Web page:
Although NAEP results show which states are making gains, NAEP is not designed to identify the reasons for academic performance. Learning results from a complex of factors, including leadership, support for education, resources, and the social and economic status of the students. While NAEP teacher and school questionnaires collect some information related to these factors, we encourage users of NAEP data to consider a variety of sources of information in making interpretations about student performance.

Lori from Orlando, FL asked:
Have there been any efforts to get test data from home schooled 4th and 8th graders as a point of comparison?

Dr. Peggy G. Carr's response:
Lori, That is an interesting question. The number of home-schooled students has increased lately. We know that many of the spelling and geography bee finalists are home-schooled. But we don't know how they perform on the NAEP assessment. The Federal government has not yet developed a sampling frame that includes such students.

Christopher Connell from Alexandria, VA asked:
Massachusetts is an outlier: fewest students at or below basic, most proficient and advanced in mathematics. This may not be new, but is there any explanation for why its students are achieving at higher levels?

Dr. Peggy G. Carr's response:
At the press release this morning Dave Driscoll, chair of the Governing Board and former chief of the Massachusetts education department, commented that Massachusetts put a lot of effort into upgrading the skills of teachers and raising their academic standards in mathematics. You can view his remarks at Click on the link to the archived webcast ("Watch the press conference of the 2009 Mathematics Report Card.").

Kate from Roseville, MN asked:
Can you comment on the positives and negatives coming out of the report since it's release this morning?

Dr. Peggy G. Carr's response:
There were some encouraging results in this report. For example, the grade 8 students continue to improve. The District of Columbia, Nevada, New Hampshire, Rhode Island, and Vermont made gains at both grades; no state decreased at both grades. The fourth-grade results have stalled, but this in and of itself is informative as well. I recommend that you download the Report Card and read the executive summary (pages 1-3) to get a quick look at the most essential findings.

Lori from Orlando, FL asked:
Does the current school group participating in the study include any virtual or fully online programs? If not, are there plans to include them and to disaggregate their data like you do for Catholic schools?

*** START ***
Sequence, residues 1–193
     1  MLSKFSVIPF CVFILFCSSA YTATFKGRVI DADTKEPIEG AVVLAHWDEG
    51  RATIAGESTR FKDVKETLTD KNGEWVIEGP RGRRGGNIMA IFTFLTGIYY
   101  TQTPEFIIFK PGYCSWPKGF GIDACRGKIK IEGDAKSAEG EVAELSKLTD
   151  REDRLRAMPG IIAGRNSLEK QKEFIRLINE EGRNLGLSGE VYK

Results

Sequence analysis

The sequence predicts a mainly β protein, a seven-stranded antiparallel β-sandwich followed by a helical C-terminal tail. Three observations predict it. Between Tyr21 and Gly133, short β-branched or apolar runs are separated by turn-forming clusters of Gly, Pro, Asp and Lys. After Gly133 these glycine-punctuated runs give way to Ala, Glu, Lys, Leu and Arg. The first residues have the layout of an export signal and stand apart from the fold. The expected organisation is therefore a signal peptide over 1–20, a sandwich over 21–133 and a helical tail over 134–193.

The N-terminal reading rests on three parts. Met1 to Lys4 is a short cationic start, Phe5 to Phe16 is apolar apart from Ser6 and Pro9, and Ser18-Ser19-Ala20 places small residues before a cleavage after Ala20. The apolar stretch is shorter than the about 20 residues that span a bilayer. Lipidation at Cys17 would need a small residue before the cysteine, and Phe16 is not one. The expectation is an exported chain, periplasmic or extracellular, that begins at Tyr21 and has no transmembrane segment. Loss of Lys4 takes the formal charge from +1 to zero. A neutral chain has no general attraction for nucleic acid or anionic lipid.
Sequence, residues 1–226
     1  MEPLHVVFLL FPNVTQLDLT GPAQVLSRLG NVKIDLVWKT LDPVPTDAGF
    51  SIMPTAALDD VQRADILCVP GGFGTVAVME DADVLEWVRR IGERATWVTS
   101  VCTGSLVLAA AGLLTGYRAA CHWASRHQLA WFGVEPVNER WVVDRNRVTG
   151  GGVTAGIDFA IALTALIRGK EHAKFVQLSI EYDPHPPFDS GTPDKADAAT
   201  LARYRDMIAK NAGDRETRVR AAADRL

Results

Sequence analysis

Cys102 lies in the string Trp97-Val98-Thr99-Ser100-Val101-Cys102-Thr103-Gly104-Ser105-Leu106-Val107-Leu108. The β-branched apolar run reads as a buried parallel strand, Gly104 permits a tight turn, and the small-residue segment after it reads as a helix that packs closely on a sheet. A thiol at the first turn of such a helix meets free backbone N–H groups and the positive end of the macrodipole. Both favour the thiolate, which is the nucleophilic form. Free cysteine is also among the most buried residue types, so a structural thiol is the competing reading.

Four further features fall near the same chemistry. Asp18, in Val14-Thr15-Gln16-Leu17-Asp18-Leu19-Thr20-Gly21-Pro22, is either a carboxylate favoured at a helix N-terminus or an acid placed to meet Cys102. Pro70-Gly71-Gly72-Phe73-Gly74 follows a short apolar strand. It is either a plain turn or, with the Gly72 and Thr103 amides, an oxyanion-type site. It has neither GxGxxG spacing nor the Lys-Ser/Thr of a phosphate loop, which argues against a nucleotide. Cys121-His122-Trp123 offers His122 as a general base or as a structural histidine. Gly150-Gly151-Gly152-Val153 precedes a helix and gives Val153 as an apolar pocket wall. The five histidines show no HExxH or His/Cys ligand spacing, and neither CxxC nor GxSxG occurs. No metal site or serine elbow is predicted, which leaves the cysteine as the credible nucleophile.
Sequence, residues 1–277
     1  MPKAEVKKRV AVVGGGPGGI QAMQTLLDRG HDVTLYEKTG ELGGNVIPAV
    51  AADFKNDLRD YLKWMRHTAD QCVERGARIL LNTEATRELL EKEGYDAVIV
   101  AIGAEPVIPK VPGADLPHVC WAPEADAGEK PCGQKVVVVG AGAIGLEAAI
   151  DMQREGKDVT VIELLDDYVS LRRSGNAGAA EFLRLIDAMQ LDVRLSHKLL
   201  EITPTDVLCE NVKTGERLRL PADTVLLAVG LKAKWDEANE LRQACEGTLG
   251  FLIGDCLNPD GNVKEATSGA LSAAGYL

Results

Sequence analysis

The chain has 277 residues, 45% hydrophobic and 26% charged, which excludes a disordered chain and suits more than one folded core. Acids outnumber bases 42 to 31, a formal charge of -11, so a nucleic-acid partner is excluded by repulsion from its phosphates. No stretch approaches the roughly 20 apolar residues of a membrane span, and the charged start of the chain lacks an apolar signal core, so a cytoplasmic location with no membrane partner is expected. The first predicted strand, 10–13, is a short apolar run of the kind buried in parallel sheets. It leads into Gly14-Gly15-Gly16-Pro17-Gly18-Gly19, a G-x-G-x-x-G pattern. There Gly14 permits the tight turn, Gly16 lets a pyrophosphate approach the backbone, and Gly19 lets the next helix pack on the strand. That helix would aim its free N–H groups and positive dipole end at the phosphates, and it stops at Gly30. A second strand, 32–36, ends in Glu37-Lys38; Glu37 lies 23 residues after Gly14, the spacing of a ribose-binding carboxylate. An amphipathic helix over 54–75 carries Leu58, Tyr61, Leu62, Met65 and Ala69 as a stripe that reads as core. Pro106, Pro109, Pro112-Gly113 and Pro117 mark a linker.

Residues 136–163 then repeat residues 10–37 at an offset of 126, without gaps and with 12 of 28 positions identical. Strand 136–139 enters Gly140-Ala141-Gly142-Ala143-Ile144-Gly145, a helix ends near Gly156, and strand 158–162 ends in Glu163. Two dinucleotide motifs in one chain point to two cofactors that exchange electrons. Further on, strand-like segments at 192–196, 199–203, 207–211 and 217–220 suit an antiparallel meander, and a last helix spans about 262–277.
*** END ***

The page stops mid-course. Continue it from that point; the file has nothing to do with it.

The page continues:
Dr. Peggy G. Carr's response:
It is important to distinguish virtual schools from fully online programs. As with home-schooled students, NAEP is not able to assess students who are only enrolled in fully on-line programs that they study in their homes. However, NAEP can assess students who attend central locations where they take virtual classes, and we do include eligible students who are in these programs whenever possible. However, the sample sizes of students from these programs are not large enough to allow NAEP to report results for them.

Brian from Clinton, MA asked:
I have two children and neither of them are yet in school. What can I do at home now to help them prepare. Also what can I be doing as a parent to prepare myself to help them with Math? I know a lot has probably changed since I was in school and my math skills are probably in need of a tune up.

Dr. Peggy G. Carr's response:
It's wonderful that you are thinking so far ahead! NAEP is concerned with the mathematics skills and knowledge of fourth, eighth, and twelfth grade students and research conducted with NAEP does not address the mathematical development of younger children. Another National Center for Education Statistics program, the Early Childhood Longitudinal Study - Kindergarten Cohort would be a good resource to consult. The longitudinal nature of the ECLS-K data enables researchers to study how a wide range of family, school, community, and individual factors are associated with school performance. For children younger than 5 years, the Early Childhood Longitudinal Study - Birth Cohort should be consulted.

Rickie from Scandia MN asked:
Does this NAEP assessment need to be listed for the child on a IEP, and provide a check box for the parent to say yes or no if there child is allowed to participate?

Dr. Peggy G. Carr's response: